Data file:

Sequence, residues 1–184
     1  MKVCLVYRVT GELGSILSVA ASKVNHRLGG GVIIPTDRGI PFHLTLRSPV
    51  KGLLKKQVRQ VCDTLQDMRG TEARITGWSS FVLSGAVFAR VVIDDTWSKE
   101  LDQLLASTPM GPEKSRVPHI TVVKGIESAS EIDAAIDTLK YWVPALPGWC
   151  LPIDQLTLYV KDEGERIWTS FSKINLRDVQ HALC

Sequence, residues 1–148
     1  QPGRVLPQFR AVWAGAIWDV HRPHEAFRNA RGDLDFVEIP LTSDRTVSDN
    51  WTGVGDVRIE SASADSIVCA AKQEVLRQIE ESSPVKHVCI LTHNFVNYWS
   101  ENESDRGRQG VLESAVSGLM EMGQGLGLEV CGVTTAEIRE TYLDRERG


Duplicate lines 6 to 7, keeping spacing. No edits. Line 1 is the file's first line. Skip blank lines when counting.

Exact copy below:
Sequence, residues 1–148
     1  QPGRVLPQFR AVWAGAIWDV HRPHEAFRNA RGDLDFVEIP LTSDRTVSDN